Some girls get flowers, I get beer

I like beer more than I like flowers so it’s a good thing I have such a wonderful partner who often brings me gifts of the beery variety

Flowers are nice. They are pretty, they smell good but let’s face it, you can’t drink them. You can’t savour a well poured flower in your glass. You can’t share a flower with your friend and say “Try this! It goes really well with the Gorgonzola”. This is why I like beer more than I like flowers. Lucky for me I have a wonderful boyfriend who often chooses to surprise me with presents of beer rather than bunches of flowers.

Brewdog & Oskar Blues Shipwrecker Circus Barley Wine 10.5% ABV
Brewdog & Oskar Blues Shipwrecker Circus Barley Wine
American style Barleywine | 10.5% ABV

My partner got me this after I had my first taste of beers by Oskar Blues Brewery, Colorado (US) and raved on and on about them. I grabbed them on one of my trips to Cellarbrations Carlisle, getting their Ten Fidy Imperial Stout, Deviant Dale’s IPA and G’Knight Imperial Red Ale. You can check out my blog post on those here. Since I enjoyed them so much he figured I’d like their collaboration with Brew Dog.

He was right.

Barleywines: Big ass beers, originally British, lovingly adopted by the US, both American and English Barleywines are acknowledged as a style with the major difference largely coming down to the almighty hop.

What was the beer like? Well, imagine you got a fruitcake, turned up the spices and plums and in your enthusiasm you were overly generous with the rum. Then you got a little distracted and burnt the bottom of your cake so the base caramelised a little. Then you liquified it.

Chimay Gold 4.8% ABV
Chimay Gold
4.8% ABV

When my partner was beer shopping at Cellarbrations Carlisle the topic of trappist beers came up resulting in this Belgian baby landing in my hot little hands.

Trappist: “where brewing is performed by, or under the supervision of, Trappist monks” [Oxford Companion to Beer] of which there are only seven breweries in existence – 6 in Belgium and 1 in the Netherlands. Not strictly a style as such as it’s their authenticity rather than similar flavours/ingredients that categorise them. In short – monk make awesome brewers.

It’s been a while between Chimay’s for me so it was nice to come back to one of the first breweries I got to know when I got hooked on beer many years ago.

Aromas reminded me of the base of a lemon cheesecake but there’s much more happening, I got hints of melon, lemon and banana. Soft yet with a full mouth feel with big spices coming through as the beer warmed up a little, loved the clove and lemony flavours.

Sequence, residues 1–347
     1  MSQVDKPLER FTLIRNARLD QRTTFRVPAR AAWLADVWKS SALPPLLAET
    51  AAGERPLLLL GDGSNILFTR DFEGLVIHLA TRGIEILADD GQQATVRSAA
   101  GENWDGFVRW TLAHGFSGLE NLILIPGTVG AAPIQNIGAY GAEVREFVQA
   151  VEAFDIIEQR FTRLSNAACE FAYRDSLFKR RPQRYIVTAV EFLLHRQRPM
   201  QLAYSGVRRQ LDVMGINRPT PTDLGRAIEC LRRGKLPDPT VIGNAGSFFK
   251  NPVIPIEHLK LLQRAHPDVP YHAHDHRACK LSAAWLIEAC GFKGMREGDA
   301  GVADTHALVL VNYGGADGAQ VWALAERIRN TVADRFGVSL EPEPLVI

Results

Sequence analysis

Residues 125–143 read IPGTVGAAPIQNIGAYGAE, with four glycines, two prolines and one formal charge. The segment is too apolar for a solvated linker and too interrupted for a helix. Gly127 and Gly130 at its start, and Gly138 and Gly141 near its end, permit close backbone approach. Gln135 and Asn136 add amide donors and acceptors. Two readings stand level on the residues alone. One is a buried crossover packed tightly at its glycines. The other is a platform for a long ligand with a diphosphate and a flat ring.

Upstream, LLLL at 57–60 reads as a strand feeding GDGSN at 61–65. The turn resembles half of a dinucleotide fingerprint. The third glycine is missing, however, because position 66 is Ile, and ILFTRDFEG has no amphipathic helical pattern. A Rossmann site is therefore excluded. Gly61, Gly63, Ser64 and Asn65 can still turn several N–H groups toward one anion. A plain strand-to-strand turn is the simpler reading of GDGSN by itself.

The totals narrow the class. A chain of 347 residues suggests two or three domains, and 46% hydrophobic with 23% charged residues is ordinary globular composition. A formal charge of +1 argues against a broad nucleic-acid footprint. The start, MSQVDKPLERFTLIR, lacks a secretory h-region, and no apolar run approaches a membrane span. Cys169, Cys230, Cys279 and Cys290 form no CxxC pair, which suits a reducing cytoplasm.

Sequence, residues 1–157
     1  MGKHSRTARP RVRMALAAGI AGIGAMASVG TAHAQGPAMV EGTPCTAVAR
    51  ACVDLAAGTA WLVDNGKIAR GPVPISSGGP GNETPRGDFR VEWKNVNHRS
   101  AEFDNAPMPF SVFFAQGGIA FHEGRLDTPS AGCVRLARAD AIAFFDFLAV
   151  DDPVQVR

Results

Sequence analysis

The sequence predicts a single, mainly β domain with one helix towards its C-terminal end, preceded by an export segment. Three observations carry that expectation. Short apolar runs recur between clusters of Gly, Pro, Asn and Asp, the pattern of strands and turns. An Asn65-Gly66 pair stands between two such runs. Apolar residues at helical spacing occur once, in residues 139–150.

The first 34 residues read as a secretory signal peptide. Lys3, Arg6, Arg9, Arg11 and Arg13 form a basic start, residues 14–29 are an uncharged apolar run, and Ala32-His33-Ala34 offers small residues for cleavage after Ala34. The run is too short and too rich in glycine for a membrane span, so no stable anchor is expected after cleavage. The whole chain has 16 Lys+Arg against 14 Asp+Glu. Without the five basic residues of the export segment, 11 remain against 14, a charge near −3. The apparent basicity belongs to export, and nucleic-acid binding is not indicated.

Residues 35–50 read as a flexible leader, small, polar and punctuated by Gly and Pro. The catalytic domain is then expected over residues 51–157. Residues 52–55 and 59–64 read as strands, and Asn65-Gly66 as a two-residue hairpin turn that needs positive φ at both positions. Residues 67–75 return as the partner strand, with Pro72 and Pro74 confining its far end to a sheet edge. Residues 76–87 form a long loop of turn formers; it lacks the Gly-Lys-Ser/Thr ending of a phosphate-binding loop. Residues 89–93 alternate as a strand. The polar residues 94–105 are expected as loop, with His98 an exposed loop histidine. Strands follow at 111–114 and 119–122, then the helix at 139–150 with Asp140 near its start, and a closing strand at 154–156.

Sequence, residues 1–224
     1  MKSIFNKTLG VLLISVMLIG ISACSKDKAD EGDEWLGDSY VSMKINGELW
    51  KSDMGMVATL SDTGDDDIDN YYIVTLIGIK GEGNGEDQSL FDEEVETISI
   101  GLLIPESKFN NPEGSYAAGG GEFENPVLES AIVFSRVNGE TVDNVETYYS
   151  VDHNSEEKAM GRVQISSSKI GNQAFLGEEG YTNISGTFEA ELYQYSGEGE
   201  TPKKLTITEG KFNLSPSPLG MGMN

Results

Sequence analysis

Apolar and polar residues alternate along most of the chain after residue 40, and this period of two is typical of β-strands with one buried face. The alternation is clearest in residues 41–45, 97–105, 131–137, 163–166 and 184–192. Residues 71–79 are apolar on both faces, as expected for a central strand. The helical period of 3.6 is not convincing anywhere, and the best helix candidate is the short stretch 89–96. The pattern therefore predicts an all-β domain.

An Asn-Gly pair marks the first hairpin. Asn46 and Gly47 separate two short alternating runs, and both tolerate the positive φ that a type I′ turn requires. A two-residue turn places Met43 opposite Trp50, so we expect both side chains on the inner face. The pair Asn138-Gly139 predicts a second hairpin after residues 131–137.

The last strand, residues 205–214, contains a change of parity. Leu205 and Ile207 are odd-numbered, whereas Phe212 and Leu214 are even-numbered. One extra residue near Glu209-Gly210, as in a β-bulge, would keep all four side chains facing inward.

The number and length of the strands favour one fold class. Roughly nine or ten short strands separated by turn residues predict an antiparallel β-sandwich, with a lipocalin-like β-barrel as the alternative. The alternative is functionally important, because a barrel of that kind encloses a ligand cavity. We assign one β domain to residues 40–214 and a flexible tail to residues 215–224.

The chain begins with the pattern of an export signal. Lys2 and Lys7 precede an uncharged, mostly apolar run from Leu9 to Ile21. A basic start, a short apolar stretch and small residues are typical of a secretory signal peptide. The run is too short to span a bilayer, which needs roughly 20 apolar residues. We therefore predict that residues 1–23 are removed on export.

8 Wired Superconductor Double IPA Double IPA | 8.8% ABV
8 Wired Superconductor Double IPA
Double IPA | 8.8% ABV

We love our hops in this house so when my partner gave me this present it was only a matter of hours before it was opened.

8 Wired: from New Zealand, brewer Søren Eriksen, well known for their HopWired IPA

His timing was great, my two most recent visits to The Pourhouse in Dunsborough have involved drinking the little brother of this beer, suitably named Semiconductor – a session IPA at a very reasonable 4.4% abv (you can read more here if you’re so inclined). Now it was time to see how it’s big brother stacked up.

It was really freakin’ good.

The aromas on the Superconductor are big and punchy, so much so that I found the flavours weren’t as strong as I was expecting. But don’t get the wrong impression, this is a very flavoursome beer. Toffee, citrus and tropical fruits with the emphasis on pineapple. The mouth feel verges on oily with a long dry and citrusy finish.


A bunch of brewers walk into a bar …

… and they drink, share and chat about the collaboration beer they made. If you were expecting a joke, sorry, if you were expecting this to be a very tasty beer, you’re right.

Last month a few brewers from the south west got together and made a beer. If I was to be more accurate I would say that seven brewers made a beer. If I was to be even more accurate I’d say seven brewers threw in some malt, hops and yeast in between long bouts of standing around and chatting and with that in mind the brew was dubbed …

The Council Worker

The Council Worker made it’s debut at Perth’s Five Bar event – South West in the City Festival. It was poured alongside Cowaramup Pilsner, Duckstein Fest Bier, Colonial Small Ale, Cheeky Monkey DIPA and Eagle Bay ESB. In short you could have taken a trip to several south west breweries without getting up from your bar stool.